According to media reports, the girl's mother said a teacher had called her "dirty" for soiling her uniform and ordered her to leave the class. In Kenya, many girls cannot afford sanitary products such as pads and tampons and – despite the passage of a law in 2017 to provide free sanitary towels for schoolgirls – the girl had nothing to protect her clothes. She came home and told her mother about the incident but when the mother went to fetch water, she took her own life.
Plan International is devastated to learn of the tragic and completely avoidable suicide of this young girl who was allegedly bullied and shamed by a teacher who should have supported her in her moment of need.
The incident clearly highlights how poverty should never be a barrier to menstrual heath and dignity – which is critical to ensuring that all girls are able to live their lives and attend school without shame or insult. It also emphasises the importance of awareness-raising in schools to tackle the harmful stigma of menstruation – and the importance of training for teachers to ensure that they themselves understand menstruation and can promote positive conversations and behaviours about it.
Kenyan girls should receive free sanitary pads
Access to sanitary towels is a big challenge for girls in Kenya, with UNESCO estimating that around half of all school-age girls do not have access to sanitary pads.
There are many instances where girls drop out of school once they start their periods because they feel ashamed. Staying at home and being out of education leaves them even more vulnerable to violations of their rights such as child marriage.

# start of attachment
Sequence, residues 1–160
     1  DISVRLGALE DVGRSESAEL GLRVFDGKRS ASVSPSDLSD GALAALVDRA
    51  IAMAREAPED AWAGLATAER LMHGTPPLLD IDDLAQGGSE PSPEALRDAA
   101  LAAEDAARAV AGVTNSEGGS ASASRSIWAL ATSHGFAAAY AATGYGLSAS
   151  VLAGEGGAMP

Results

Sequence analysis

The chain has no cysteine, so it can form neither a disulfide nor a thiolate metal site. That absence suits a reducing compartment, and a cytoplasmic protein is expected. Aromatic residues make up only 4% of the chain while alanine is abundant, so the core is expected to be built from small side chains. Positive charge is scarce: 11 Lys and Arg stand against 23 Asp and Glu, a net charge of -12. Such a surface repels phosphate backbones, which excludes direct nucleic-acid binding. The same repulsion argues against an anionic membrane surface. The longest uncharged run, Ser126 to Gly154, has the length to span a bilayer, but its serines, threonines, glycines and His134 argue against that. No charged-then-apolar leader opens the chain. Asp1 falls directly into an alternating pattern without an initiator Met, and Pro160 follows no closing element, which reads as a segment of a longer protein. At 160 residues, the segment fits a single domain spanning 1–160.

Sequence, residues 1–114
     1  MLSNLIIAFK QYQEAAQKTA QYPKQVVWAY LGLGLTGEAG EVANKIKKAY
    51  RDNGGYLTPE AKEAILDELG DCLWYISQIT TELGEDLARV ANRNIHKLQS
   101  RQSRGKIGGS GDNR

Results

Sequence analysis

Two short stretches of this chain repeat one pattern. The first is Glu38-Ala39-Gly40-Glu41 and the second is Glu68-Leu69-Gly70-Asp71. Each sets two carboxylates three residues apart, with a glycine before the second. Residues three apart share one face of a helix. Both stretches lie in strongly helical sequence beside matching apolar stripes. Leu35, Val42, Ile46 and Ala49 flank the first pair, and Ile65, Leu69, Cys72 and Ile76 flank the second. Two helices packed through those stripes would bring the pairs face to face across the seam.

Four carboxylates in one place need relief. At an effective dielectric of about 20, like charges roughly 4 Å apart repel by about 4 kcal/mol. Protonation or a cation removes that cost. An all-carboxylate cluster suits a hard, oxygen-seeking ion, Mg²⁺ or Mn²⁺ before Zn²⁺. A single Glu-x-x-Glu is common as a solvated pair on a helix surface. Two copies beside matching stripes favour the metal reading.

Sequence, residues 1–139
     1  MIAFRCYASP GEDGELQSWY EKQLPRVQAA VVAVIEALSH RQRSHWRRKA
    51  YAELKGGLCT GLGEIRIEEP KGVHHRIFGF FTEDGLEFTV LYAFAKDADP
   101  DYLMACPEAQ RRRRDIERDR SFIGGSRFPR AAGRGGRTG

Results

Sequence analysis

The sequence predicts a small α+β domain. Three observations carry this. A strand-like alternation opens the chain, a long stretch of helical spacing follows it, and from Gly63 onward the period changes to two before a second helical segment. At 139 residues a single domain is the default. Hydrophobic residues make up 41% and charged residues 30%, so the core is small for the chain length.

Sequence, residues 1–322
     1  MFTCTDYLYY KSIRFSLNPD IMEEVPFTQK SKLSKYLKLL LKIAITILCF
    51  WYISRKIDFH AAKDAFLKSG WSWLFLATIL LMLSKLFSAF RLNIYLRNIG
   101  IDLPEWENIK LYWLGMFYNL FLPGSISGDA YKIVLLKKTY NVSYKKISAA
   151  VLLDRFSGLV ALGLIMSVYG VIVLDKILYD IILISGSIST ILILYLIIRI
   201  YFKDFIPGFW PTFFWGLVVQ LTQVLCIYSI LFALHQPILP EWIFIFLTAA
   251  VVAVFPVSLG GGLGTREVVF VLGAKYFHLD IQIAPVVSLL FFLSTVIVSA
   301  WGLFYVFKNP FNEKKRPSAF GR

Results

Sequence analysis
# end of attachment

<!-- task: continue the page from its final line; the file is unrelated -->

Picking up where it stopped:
we have a duty to do everything in our power to ensure it never happens again.
Plan International understands that a parliamentary committee is currently investigating why the government’s pledge in 2017 to provide free sanitary towels for school girls is yet to be rolled out across all schools. We call on the government to ensure robust and immediate implementation of the pledge to ensure all girls, including those in marginalised and remote communities, can access free sanitary pads.
We also urge the government to ensure that comprehensive sexuality education – including in-depth teaching designed to tackle period shame – is delivered in specially-created safe spaces in all schools nationally to improve girls’ attendance and performance at school, break down taboos and misconceptions around menstruation and raise girls’ self-esteem.
Tragically, we can never turn the clock back on what has happened to this young girl. But we have a duty to do everything in our power to ensure it never happens again.